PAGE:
May 12, 2010
Senior refused to let near-fatal fall derail dreams
CARBONDALE, Ill. -- After Bret Beherns graduates from Southern Illinois University Carbondale this weekend, he will face the future with the same determination that enabled him to overcome a near-fatal accident almost four years ago.
Beherns will participate in commencement ceremonies with the College of Mass Communication and Media Arts at 1 p.m. on Saturday, May 15, in Shryock Auditorium.
Beherns was working a rope line in Rochester, Ill., during a summer job for a cell phone tower company on June 13, 2006, when he was catapulted about 80 feet. The fall left Beherns with numerous injuries, including fractures in both ankles and back, his right leg, a broken left leg and a torn aorta. His left leg required amputation about six inches below his knee.
For Beherns, a 22-year-old senior in radio-television from Mahomet, the questions went from “Why did this happen to Bret?” to “Why Not Bret?”
“I feel like God has given me the tools to be a hard worker and to reach for the stars. I’ve got some big goals and dreams and I’m certainly not going to let this stop me,” he said.
After graduating from Parkland College in Champaign, Beherns, a 2005 Mahomet-Seymour High School graduate, transferred to SIUC’s award-winning radio-television program. In his two years at SIUC, his accomplishments include a first place for outstanding sports reporting and second place for outstanding videography from the Illinois News Broadcasters Association, and a third place in the TV sports anchor category in the Broadcast Education Association’s Festival of Media Arts. He is also the 2010 Department of Radio-Television Overall Outstanding Student.
Beherns’ mother, Sandy, said her family, including his father, Brian, and daughter, Emily, a sophomore at Parkland College, rely upon their faith greatly. She also notes that her son “is an amazing, determined young man who doesn’t settle.”
“He just doesn’t settle,” she said. “His ambition, his dream has always been to be in radio-television. Always. And he’s living that dream.”
Her son’s determination will allow Sandy to fulfill the pledge she made to doctors when they expressed concerns nearly four years ago about whether he would walk again: She will watch him dance at his upcoming wedding.
Beherns said he’s always had the competitive drive to work hard. He played football and baseball and participated in pep band, marching band, theater and chorus in high school.
“I entered high school with this dream of playing on the varsity football team. The problem was I was 5 feet, 7 inches and 140 pounds and with no quickness. That’s not going to get you anywhere. I’ve always had to work hard for everything in my life; nothing has ever come easy for me. I’m not one of those people that just picked up something in two weeks. I’ve always had to work hard.”
Beherns spent 13 days in a medically induced coma and 54 days in the hospital. Doctors inserted four, two-inch screws in his lower back and two, two-inch screws in his right ankle.
With all that, Beherns remained determined. He took online classes at Parkland while initially recuperating from the accident.
Beherns’ fiancée, Jenna Rieger, said she was worried when the accident happened, but that it strengthened the couple’s relationship. She is a nurse at Carle Foundation Hospital in Urbana.
Beherns and Rieger were about to leave on a mission trip to Honduras when the accident occurred. On July 14, 2009, Beherns proposed to Rieger during another mission trip to that country.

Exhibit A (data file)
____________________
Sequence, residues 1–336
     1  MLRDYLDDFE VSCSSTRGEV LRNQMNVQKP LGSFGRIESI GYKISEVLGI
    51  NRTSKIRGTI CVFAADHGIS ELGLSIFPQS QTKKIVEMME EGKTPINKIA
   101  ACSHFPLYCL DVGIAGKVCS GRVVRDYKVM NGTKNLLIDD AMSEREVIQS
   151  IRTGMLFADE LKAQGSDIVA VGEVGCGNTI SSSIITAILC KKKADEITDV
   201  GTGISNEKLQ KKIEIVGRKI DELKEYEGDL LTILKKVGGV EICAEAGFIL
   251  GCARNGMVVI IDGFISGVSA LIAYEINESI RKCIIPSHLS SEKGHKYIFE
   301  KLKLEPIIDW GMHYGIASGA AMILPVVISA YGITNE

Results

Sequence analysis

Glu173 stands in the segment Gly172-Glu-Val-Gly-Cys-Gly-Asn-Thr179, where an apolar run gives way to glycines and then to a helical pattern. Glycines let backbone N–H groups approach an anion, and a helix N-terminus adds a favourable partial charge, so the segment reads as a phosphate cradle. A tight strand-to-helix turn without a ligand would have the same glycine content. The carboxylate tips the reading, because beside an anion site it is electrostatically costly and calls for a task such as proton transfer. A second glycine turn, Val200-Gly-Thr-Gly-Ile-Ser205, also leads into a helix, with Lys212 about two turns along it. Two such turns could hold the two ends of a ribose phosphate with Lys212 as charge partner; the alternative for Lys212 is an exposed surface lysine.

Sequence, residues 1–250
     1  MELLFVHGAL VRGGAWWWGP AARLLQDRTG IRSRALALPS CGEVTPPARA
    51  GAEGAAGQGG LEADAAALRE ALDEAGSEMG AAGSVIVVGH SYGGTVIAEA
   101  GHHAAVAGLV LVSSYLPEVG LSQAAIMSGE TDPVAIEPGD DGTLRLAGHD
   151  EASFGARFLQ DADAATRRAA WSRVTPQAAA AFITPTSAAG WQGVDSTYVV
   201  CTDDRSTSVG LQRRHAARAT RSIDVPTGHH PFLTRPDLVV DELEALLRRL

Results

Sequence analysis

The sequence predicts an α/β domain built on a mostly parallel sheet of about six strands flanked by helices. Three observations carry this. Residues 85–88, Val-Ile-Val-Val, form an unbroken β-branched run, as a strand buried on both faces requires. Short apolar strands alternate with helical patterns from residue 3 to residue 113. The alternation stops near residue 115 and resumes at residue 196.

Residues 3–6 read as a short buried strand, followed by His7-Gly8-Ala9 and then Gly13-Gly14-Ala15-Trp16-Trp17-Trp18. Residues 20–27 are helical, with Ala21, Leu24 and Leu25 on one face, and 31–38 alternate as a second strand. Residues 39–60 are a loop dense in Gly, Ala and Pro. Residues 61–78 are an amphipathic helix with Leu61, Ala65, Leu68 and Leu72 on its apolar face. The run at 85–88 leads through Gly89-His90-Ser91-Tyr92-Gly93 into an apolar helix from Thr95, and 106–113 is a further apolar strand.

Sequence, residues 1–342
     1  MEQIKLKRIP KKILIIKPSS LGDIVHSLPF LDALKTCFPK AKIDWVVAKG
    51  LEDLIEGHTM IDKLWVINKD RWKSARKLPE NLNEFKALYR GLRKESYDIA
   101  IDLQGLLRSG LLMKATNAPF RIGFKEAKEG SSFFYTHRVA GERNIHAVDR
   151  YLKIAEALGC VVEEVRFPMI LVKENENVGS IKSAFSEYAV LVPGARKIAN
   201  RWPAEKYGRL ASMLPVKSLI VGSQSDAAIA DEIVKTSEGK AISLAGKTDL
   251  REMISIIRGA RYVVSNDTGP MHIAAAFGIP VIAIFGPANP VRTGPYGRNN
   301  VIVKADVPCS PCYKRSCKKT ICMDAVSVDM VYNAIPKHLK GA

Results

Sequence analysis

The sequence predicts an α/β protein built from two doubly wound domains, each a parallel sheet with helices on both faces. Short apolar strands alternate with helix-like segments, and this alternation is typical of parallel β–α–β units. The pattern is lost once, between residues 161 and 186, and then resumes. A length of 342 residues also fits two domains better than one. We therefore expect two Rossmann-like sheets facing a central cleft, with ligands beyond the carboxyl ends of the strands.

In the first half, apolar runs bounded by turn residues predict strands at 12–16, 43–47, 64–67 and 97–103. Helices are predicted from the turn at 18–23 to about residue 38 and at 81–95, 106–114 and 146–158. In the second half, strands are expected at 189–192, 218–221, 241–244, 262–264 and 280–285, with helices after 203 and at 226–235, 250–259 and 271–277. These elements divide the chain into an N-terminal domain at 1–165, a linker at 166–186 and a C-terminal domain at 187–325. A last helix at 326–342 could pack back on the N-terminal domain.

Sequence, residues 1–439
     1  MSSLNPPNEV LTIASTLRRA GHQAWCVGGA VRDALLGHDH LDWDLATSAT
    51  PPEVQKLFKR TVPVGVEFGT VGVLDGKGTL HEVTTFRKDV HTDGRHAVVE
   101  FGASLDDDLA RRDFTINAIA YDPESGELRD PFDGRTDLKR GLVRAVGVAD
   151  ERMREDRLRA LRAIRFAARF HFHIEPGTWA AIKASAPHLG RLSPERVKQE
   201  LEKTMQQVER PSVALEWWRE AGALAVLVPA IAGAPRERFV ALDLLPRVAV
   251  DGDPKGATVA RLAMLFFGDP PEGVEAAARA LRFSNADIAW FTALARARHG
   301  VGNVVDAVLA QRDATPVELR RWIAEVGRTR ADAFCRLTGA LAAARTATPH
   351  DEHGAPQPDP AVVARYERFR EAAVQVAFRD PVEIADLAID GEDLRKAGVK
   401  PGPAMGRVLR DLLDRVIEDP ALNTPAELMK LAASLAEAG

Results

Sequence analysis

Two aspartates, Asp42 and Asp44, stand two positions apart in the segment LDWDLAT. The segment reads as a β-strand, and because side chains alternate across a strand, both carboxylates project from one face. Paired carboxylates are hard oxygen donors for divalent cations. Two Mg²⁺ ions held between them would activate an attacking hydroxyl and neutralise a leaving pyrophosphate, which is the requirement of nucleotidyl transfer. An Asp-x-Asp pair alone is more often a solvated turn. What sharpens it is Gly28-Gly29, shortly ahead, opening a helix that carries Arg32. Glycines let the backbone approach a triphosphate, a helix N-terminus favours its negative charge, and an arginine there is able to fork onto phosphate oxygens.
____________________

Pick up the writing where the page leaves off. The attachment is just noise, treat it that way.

This June 13 “will be a celebration day not only of our marriage but life in general,” he said.
Jim Gee, news director for WSIU-TV Channel 8’s River Region Evening Edition, said Beherns was involved with the newsroom from his first day there. He’s eager, inquisitive and helps others, Gee said.
“He’s a good leader, but he’s also a good listener and a good learner,” Gee said.
Graduating students are encouraged to not pay attention to market size when looking for their first jobs, but they also are not discouraged from pursuing jobs in large markets.
“We have a lot of talented students. But Bret is one of those who we think could be very successful. He could get his dream job right off the bat. He could be one of those rare ones who is the exception to the rule.”
Beherns is one of those students who “gets it” when it comes to understanding journalism and the responsibilities that come with that career, Gee said.
“Bret gets it. He’s one of those people who not only gets it, but can be supportive of everyone else, too.”
Beherns recently interviewed for a job with a television station in Cedar Rapids, Iowa. In addition to his work with Evening Edition, he recently became a weekend producer at WSIL TV Channel 3 in Carterville. Beherns was an intern at the station last fall and worked as a sports photographer for a few months earlier this year.
Beherns has been “probably the best intern that we’ve had,” said Darren Kinnard, the station’s sports director.
“He has a unique quality in the fact that he wants to get better. He has a drive. He’s constantly asking how he can do that better or how the story can be better,” Kinnard said. “He’s probably as advanced as any of the seniors that I’ve been associated it.”
Kinnard agrees that Beherns’ experiences resulting from the accident will help him in his career. Beherns is a good storyteller and videographer.
“I think you can go back to all that he’s been through,” Kinnard said. “He’s a little different than a lot of seniors graduating, and he certainly understands where he’s at and what it’s taken for him to get there. He certainly appreciates it and he has a different drive than a lot of people, and that has to be a contributing factor.”